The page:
Develop an email signature with a link to a personal blog or website. Use those spaces to present articles about your topic of interest or attractive images of your visual work.
    When venturing into social media, be sure to understand the privacy features of each site. Facebook and Google+ allow users to assign their online friends to different groups and prevent some groups from seeing particular personal content.

    Use Twitter to establish legitimacy in your field. You can follow and retweet experts, and you can use your tweets to highlight articles and developments of interest to people in your chosen industry.
    "We follow people who are authentic," says J.T. O'Donnell, a workplace consultant and founder of "When you really care about a subject, your passion comes through."

    BE PERSONAL, BUT NOT TOO PERSONAL - Read the rest of the Personal tip and the complete article

    Wednesday, September 5, 2012

    Why Recruiters Lie When Rejecting You

    By The Recruiting Animal

    I was going to write about hiring managers being the dumbest people in the world but I decided to write about recruiters instead because, you know, they’re dumb, too.

    I’ll often see a recruiter puffing up her chest online and strutting around bragging about how transparent she is with candidates.

    So, then, I’ll ask her, “If the hiring manager rejected a candidate because he didn’t like her voice, would you tell her that? Imagine he said, ‘She’s very intelligent but if I had to listen to that all day, I’d shoot myself.’ Would you pass that on?”

    Of course, the answer is always “No.” but you have to force them to admit it. They’ll say, “He thought you were very intelligent but it just wasn’t a match,” and try to claim that this is transparent.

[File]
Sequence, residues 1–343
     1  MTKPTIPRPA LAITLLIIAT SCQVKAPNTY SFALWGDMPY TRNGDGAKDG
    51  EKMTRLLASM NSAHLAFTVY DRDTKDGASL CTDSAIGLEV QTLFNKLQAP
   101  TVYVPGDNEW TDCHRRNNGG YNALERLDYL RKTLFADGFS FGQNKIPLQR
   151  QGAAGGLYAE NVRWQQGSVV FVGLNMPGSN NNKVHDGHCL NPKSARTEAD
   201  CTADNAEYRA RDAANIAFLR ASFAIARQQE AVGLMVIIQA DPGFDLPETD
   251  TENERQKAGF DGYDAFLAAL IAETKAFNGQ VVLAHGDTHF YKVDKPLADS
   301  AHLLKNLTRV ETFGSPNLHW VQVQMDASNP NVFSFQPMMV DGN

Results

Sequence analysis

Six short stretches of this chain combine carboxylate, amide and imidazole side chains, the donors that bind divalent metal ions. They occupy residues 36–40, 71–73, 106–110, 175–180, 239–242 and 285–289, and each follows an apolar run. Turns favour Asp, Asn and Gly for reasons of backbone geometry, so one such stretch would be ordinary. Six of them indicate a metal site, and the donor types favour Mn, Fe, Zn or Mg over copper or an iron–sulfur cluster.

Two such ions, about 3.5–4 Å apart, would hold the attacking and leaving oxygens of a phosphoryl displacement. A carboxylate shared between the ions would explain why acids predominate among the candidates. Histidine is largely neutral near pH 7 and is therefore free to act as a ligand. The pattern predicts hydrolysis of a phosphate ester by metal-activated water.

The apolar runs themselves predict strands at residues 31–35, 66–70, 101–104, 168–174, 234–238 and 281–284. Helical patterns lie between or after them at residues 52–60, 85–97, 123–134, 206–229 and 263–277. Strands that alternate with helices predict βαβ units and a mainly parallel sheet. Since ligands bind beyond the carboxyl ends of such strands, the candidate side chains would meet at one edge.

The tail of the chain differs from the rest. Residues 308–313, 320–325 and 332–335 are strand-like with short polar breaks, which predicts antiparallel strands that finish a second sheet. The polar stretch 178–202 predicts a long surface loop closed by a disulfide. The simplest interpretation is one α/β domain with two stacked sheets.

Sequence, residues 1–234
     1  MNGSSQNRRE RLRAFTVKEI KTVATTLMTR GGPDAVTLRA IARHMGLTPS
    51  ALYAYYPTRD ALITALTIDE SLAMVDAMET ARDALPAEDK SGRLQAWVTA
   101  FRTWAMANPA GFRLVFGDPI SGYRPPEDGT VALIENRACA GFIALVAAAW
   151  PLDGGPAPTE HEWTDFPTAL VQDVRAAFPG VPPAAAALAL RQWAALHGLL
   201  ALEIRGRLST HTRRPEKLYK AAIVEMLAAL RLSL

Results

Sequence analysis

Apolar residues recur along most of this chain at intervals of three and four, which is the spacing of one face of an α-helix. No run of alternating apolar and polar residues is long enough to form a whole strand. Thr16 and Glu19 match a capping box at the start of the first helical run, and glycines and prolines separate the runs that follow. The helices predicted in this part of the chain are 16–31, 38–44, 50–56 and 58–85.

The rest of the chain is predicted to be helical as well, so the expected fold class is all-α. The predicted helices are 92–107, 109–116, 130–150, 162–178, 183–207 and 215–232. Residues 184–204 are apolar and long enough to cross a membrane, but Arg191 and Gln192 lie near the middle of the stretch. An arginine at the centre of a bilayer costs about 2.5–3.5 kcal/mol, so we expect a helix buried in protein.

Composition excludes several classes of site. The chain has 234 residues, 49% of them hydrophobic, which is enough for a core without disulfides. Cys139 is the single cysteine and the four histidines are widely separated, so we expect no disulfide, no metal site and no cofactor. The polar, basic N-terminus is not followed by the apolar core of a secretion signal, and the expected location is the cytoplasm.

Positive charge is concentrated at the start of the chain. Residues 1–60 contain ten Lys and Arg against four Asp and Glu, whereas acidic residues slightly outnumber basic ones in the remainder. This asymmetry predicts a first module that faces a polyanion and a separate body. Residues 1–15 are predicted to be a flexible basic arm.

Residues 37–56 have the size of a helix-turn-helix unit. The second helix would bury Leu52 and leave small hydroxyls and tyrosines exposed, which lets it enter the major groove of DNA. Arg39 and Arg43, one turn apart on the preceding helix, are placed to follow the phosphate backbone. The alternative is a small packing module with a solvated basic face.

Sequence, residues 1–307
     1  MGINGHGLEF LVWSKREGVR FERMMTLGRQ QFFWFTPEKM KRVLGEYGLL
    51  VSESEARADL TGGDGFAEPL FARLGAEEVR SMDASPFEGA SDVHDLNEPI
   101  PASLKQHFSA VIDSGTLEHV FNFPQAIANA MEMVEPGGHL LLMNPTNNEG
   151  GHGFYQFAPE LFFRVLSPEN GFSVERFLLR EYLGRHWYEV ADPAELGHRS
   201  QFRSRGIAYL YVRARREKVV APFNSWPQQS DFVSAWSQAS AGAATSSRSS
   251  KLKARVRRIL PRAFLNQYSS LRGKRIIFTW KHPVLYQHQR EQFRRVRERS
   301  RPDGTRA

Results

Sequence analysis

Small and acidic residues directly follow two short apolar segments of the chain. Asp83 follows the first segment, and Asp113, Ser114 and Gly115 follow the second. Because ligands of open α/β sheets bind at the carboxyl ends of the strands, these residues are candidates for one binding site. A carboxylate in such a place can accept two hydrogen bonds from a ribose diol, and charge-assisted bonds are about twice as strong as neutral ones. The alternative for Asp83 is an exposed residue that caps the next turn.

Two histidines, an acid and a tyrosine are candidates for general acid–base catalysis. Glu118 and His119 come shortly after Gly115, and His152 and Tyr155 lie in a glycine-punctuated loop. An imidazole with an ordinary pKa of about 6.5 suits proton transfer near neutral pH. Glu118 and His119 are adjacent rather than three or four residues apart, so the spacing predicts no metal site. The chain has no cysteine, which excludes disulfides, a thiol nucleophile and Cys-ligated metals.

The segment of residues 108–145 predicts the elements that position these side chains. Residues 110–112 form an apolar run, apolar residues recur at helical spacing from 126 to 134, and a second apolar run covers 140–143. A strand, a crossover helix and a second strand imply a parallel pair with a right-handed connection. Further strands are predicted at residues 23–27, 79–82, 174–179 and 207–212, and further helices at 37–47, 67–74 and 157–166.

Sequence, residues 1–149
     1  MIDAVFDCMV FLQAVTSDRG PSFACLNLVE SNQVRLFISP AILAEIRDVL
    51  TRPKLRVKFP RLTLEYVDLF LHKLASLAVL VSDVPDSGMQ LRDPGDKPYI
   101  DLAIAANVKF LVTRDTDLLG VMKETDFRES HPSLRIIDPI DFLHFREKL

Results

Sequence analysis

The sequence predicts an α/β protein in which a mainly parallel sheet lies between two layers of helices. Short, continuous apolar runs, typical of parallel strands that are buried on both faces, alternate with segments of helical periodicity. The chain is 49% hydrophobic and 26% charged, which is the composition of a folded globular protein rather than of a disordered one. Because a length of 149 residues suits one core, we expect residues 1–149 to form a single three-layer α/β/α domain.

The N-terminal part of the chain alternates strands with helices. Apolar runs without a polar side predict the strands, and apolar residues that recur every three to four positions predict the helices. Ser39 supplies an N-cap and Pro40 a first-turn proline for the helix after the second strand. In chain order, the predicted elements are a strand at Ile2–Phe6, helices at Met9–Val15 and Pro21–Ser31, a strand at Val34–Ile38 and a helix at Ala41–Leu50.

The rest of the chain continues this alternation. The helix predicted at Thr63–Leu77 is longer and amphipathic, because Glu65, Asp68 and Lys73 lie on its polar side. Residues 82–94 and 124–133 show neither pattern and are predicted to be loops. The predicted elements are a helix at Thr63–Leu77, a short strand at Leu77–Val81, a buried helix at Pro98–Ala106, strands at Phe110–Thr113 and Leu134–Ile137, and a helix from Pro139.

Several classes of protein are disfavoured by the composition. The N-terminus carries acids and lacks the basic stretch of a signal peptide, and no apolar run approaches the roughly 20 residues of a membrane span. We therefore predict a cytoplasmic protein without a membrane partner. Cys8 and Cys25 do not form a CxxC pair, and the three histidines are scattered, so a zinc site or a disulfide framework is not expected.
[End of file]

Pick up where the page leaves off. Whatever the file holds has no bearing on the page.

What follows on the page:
What they usually mean when they say “transparent” is that you send an automated email to someone who applies to a job online telling them that their resume has been received. Then you send them another email when they have been rejected.

    The Recruiting Animal is a headhunter not a rock star. He’s not even a rockstar headhunter. (That’s @Jerry_Albright). He runs a rowdy online call-in show about recruiting and careers. His website is:

    Tuesday, September 4, 2012

    Recruiter Reveals 7 Salary Negotiation Strategies

    The way in which you present your requests during salary negotiations has a dramatic impact on whether you get what you want from an employer. Be firm, but flexible, self-confident, but not arrogant or demanding, and sell your skills and knowledge in a way that appeals to the employer’s concern about the bottom line.

    Let me give you a few tips on how to negotiate your best salary yet…

    1. During negotiations, be enthusiastic, polite, and professional.
    Let the employer know by your tone of voice and your demeanor that your goal is a win-win solution. If you are too pushy or adopt a “take-it-or-leave-it” attitude, the employer may get the impression that you’re not that interested in the job and withdraw the offer.

    2. Start high and work toward a middle ground.
    Ask for a little more than you think the employer wants to pay and then negotiate a middle ground between the employer’s first offer and your counter-proposal.

    3. Be creative.
    Look beyond base salary for ways to boost your income. For example:
    • Holiday days. If new employees must work for 6 to 12 months before receiving paid holidays, ask that this restriction be waived.
    • Early salary review.
    • Bonuses. In addition to requesting a sign-on bonus, you may be able to negotiate a performance bonus. 
    4. Continue selling yourself.
    As you negotiate, remind the employer how the company will benefit from your services. Let’s say, for example, that the employer balks at giving you $8,000 more in compensation. Explain how you will recoup that amount and more for the company. For instance:
    “I realize you have a budget to worry about. However, remember that with the desktop publishing skills I bring to the position, you won’t have to hire outside vendors to produce our monthly customer newsletter and other publications. That alone should produce far more than $8,000 in savings a year.”
    In other words, justify every additional money or benefit you request. Remember to do so by focusing on the employer’s needs, not yours.

    Tips 5-7 and Complete Careerealism article